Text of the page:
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15 January 2014
Initial ship arrest in New Zealand can be fast and relatively inexpensive. It requires a notice of proceeding relating to an in rem claim (ie, a claim directly against a vessel) and an application for arrest, supported by affidavit, to be filed, but does not require a hearing. An undertaking to meet the costs of the registrar is also required. The proceeding must relate to a claim falling within the heads of jurisdiction set out in the Admiralty Act 1973. The time and cost involved in maintaining the arrest and claim against the ship, and possibly obtaining judicial sale, will depend on a range of factors. Provided that all of the necessary information (including translations, if required) is available, the proceeding can be prepared and the application for arrest made within a short time of the instruction being received. It is then in the hands of the court to arrest the vessel, which it must do once it has received the requisite documents. The court effects the arrest by affixing the warrant of arrest to the bridge of the vessel and leaving a copy with the person who appears to be in charge. Arrest is usually done within a few days of receipt of the application. Once the vessel has been arrested, it is in the custody of the High Court registrar and cannot be moved without the registrar's consent.
New Zealand is not a signatory to any international conventions dealing specifically with arrests. Instead, ship arrests are governed by the Admiralty Act and the High Court Rules.
Arrest is available, irrespective of the flag state of the vessel, for claims that are maritime liens under the common law, or that come under Section 4(1) of the Admiralty Act. Maritime liens arise for damage done by a ship, salvage, bottomry and respondentia, master's wages and expenses and seafarers' wages. In addition, claims under the Admiralty Act include:
For claims based on a maritime lien, arrest is available irrespective of the beneficial ownership of the vessel. For other claims, however, the debtor against which the in personam claim arises must also be the owner or demise charterer of the vessel at the time that the action is brought.
Even if a claim comes within these categories, where the arresting party has acted in bad faith or with gross negligence, an arrest will be wrongful and will give rise to a claim for damages for wrongful arrest. It is not enough that the claim is made on a mistaken basis.
For some claims, a sister ship may be proceeded against. The following cannot be transferred to a sister ship:
For other claims falling within Section 4(1) of the Admiralty Act, a sister ship may be proceeded against if the person liable on the claim was the owner or charterer of the ship when the cause of action arose and was the beneficial owner or demise charterer of the other ship when the action was brought.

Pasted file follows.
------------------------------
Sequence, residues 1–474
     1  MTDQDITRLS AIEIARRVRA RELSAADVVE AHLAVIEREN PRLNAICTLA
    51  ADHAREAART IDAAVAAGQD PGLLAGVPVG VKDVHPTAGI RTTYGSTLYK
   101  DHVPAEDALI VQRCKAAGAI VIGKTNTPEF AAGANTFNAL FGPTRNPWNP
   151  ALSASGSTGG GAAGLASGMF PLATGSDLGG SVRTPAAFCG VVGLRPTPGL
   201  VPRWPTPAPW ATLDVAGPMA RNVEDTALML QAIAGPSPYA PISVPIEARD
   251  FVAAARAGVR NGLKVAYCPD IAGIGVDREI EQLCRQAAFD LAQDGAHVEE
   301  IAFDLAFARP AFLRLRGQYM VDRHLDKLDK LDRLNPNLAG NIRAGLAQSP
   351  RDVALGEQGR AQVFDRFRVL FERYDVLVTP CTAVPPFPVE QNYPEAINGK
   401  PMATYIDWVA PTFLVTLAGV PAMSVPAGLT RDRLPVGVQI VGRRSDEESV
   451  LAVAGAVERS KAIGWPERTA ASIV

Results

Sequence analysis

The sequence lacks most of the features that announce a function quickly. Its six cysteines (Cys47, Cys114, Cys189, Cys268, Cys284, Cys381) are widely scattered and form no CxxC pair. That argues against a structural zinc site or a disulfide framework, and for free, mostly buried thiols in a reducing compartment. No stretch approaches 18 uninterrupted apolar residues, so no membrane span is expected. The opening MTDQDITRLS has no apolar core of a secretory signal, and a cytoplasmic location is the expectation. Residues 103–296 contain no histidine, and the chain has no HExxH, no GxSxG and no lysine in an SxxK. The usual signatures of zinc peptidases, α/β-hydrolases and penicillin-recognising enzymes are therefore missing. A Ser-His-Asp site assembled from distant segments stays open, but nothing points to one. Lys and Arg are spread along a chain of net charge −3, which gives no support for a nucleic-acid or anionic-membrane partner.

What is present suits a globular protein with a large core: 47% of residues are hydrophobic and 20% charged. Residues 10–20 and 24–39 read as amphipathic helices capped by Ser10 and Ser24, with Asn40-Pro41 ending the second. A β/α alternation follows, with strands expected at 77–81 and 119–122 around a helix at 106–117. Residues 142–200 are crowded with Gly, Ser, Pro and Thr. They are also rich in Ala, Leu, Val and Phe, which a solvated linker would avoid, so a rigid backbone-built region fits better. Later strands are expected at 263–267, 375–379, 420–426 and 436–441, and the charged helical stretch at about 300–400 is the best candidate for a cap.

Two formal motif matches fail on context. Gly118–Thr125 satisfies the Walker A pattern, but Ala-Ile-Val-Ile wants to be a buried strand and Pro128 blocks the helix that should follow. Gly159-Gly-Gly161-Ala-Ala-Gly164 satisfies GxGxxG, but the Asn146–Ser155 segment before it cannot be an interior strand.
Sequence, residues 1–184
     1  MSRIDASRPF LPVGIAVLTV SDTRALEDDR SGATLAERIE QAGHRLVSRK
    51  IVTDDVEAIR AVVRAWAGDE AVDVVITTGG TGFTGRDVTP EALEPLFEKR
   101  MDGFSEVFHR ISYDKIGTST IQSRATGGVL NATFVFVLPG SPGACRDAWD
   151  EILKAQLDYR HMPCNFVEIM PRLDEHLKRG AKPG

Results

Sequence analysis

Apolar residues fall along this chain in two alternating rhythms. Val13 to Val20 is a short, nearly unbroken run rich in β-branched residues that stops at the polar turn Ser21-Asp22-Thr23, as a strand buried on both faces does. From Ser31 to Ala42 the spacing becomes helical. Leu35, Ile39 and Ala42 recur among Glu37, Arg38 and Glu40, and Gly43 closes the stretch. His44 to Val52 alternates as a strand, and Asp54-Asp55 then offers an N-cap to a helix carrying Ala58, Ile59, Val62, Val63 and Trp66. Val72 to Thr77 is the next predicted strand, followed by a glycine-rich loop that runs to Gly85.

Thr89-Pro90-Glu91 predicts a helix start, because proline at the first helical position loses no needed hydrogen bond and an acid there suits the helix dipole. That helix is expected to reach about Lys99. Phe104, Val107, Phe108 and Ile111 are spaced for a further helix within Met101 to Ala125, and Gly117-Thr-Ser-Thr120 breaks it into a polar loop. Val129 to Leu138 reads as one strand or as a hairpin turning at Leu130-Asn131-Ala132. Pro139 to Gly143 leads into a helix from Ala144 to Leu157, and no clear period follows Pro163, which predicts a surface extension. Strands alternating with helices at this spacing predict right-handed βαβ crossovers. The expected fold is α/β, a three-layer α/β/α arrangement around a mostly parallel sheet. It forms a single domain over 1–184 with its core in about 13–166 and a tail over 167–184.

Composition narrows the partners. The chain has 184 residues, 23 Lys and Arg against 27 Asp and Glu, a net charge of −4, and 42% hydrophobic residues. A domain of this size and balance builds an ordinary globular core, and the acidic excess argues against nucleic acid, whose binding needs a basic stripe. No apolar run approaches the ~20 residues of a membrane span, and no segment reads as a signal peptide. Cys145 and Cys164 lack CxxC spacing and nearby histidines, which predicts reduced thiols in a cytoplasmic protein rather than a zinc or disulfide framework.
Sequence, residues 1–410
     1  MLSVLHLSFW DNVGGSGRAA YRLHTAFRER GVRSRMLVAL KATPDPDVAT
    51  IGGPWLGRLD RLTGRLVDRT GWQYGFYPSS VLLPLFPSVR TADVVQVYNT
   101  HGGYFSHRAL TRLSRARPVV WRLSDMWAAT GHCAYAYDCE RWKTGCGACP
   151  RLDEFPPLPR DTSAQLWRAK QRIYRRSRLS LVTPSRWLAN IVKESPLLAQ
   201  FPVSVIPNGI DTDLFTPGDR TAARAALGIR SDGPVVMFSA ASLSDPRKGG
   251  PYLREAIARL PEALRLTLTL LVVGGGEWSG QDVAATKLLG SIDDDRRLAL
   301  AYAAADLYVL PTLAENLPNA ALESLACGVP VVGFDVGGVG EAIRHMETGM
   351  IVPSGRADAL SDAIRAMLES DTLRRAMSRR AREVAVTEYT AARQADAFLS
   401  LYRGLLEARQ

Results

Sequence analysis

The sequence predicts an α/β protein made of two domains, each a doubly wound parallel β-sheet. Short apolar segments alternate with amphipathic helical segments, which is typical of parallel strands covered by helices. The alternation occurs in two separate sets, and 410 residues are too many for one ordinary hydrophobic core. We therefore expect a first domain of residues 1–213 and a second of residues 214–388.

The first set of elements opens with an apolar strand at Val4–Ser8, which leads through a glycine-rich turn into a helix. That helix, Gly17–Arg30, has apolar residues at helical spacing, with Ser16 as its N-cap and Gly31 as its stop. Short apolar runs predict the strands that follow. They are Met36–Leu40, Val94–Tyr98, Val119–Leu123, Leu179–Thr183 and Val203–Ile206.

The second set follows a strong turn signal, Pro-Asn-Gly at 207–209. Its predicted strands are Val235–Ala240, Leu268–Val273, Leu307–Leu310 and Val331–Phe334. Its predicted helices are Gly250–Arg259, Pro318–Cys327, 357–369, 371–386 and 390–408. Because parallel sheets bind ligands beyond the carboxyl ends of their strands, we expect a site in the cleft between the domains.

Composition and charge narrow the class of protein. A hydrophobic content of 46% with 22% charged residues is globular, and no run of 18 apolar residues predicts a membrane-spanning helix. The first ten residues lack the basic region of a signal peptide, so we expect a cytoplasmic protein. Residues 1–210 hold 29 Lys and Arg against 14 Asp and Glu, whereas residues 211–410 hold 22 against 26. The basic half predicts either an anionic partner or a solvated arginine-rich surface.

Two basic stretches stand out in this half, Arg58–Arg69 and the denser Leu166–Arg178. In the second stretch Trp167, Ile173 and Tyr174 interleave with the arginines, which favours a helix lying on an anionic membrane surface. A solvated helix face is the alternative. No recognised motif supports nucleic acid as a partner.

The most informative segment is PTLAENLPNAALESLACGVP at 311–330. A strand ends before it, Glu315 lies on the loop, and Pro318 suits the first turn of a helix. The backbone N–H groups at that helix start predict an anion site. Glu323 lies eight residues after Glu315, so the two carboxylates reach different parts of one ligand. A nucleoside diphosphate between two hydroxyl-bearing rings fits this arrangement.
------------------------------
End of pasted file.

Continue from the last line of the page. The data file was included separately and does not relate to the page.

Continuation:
A ship can be arrested if the relevant person was the owner or charterer, or in possession or control of the ship, when the cause of action arose and – when the action was brought – was beneficial owner or demise charterer of the ship. Arrest of a ship that is under time charter is unavailable in relation to claims against the time charterer.
The courts do not require counter-security. However, a party seeking the arrest of a ship is required to provide an indemnity to the registrar for the costs likely to be incurred by the vessel to be arrested, such as harbour dues and crew expenses. The registrar requires some upfront payment to cover initial arrest costs and then to be kept in funds in anticipation of subsequent costs.
Once a vessel has been arrested, there is often rapid payment of the debt so that the vessel can be released, although this is not always the case. Where a claim is disputed, the vessel owner can make payment into court as security for the claim so that the vessel can be released and the funds can be held in court until the dispute has been decided.
Once the vessel has been arrested, a statement of claim setting out the nature of the claim must be filed. If the defendant enters an appearance following the arrest, the statement of claim must be filed within 10 working days. The New Zealand court will accept jurisdiction, but there may be issues of jurisdiction if the claim is contract based or if a cross-border insolvency is involved.
The court can order vessels to be sold pendente lite (ie, before the hearing of the substantive claim). The time that it will take to obtain an order for sale before trial will depend on:
The New Zealand High Court also has jurisdiction to grant freezing orders over any type of asset and, while such orders can extend to ships, the powers do not relate specifically to vessels. It is harder to obtain a freezing order than it is to arrest a vessel; an application is usually made without notice and before a freezing order can be issued, the applicant must (usually by way of a contested hearing):
In contrast, for an arrest, the applicant must file:
No real interrogation of the matters set out in the notice and affidavit is carried out and the warrant for arrest is issued without a hearing. The applicant is required to provide an indemnity to the registrar, but this is limited to the costs of arrest and does not cover any damages suffered as a result of the arrest.
For further information on this topic please contact Chris Browne, Felicity Monteiro or Kerryn Webster at Wilson Harle by telephone (+64 9 915 5700), fax (+64 9 915 5701) or email (email@example.com, firstname.lastname@example.org or email@example.com). The Wilson Harle website can be accessed at www.wilsonharle.com.
The materials contained on this website are for general information purposes only and are subject to the disclaimer.
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